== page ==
Baseball in Israel has started to take off with a new youth academy and a recent European World Series win. Does Israeli baseball have what it takes to make the Major Leagues?

Israeli sports fans have traditionally followed soccer and basketball, but baseball had never really caught on – until now.

Twenty-five years ago, the Israel Association of Baseball (IAB) opened its doors, hoping to instill the love of America’s game in the Holy Land. It has taken some time, but within the last year, there has been an upsurge in baseball interest.

IA National Director Nate Fish, the “King of Israeli Baseball,” believes that the sport presents new opportunities for education and culture in Israel. Speaking to The Jerusalem Post, he said:

“It’s our goal to grow baseball in Israel. We want to actually have a domestic impact. We want baseball to be a sport in Israel that people identify with, and are knowledgeable about, and can enjoy. We’re not only focused on the high-end programming. We want to have a strong youth league. We just want to give kids the experience of playing baseball.”

Following Fish’s appointment to national director over a year ago, the IAB has seen an extraordinary 30% increase in participation.

Israeli Baseball Competes on the World Stage

Detroit Tigers manager Brad Ausmus led Israel’s baseball team to success in the European championship’s C-pool this summer, giving them a chance to qualify for the B-pool and A-pool, the WBC’s 2016 qualifier.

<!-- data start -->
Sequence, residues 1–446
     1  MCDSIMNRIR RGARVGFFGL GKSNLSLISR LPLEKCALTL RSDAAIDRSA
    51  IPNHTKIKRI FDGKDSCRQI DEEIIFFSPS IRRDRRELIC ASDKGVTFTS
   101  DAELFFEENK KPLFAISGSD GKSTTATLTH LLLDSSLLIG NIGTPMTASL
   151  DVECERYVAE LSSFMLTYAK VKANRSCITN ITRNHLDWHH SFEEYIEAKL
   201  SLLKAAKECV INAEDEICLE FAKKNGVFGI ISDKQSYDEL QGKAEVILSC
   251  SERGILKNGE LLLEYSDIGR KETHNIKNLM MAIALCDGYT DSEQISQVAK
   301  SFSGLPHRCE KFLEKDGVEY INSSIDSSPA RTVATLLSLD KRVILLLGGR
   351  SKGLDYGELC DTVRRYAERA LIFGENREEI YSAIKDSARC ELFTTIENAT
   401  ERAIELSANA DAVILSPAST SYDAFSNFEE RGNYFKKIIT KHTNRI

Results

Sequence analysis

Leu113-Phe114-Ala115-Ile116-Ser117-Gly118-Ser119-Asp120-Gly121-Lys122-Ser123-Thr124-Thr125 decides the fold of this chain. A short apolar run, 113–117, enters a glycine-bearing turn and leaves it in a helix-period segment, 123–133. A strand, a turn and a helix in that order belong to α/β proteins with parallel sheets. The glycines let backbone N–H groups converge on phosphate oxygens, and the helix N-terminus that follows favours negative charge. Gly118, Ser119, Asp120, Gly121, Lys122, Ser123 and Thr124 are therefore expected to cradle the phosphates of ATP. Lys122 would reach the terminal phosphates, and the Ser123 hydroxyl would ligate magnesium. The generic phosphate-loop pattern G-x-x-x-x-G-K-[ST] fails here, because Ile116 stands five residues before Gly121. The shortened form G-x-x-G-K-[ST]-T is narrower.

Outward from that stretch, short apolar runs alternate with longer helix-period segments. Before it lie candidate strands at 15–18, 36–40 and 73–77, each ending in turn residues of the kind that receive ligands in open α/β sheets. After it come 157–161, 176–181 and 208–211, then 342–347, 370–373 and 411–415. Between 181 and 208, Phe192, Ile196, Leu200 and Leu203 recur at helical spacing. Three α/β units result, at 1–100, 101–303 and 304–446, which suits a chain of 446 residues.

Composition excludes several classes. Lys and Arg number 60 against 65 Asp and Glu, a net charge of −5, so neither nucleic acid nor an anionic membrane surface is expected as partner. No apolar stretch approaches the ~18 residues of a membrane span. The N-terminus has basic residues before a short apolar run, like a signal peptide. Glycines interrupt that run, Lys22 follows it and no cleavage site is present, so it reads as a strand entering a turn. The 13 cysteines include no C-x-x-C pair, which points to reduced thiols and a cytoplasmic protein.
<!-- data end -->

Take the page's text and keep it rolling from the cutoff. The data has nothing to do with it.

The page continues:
Their summer triumph means Israel is fast becoming an internationally recognized talent pool for young baseball players.

Last month, IAB launched Israel’s first-ever baseball academy, finding talent to send to Europe’s “elite camps.”  Fish spoke about the impact of this development. “Major League Baseball officially recognizes the Israeli Baseball Academy as the elite training program for youth players in Israel,” he said, according to the Post.

“Jews have been huge in the sport of baseball,” Fish commented. “It’s sort of the most Jewish sport. There have been lots of Jewish baseball players. It doesn’t always necessarily translate to Israel, but it’s the most Jewish sport in that sense.”

Time will tell whether Israel produces new Jewish stars that can match the legends of Hall of Famers like Sandy Koufax and Hank Greenberg.

Tell us in the Comments below: Compared to other countries new to baseball, such as India, how do you think Israel will stack up in the long run? How long until we see a Major League baseball star emerge from the Holy Land?

Author: Felicity Kay, UWI Freelance Writer

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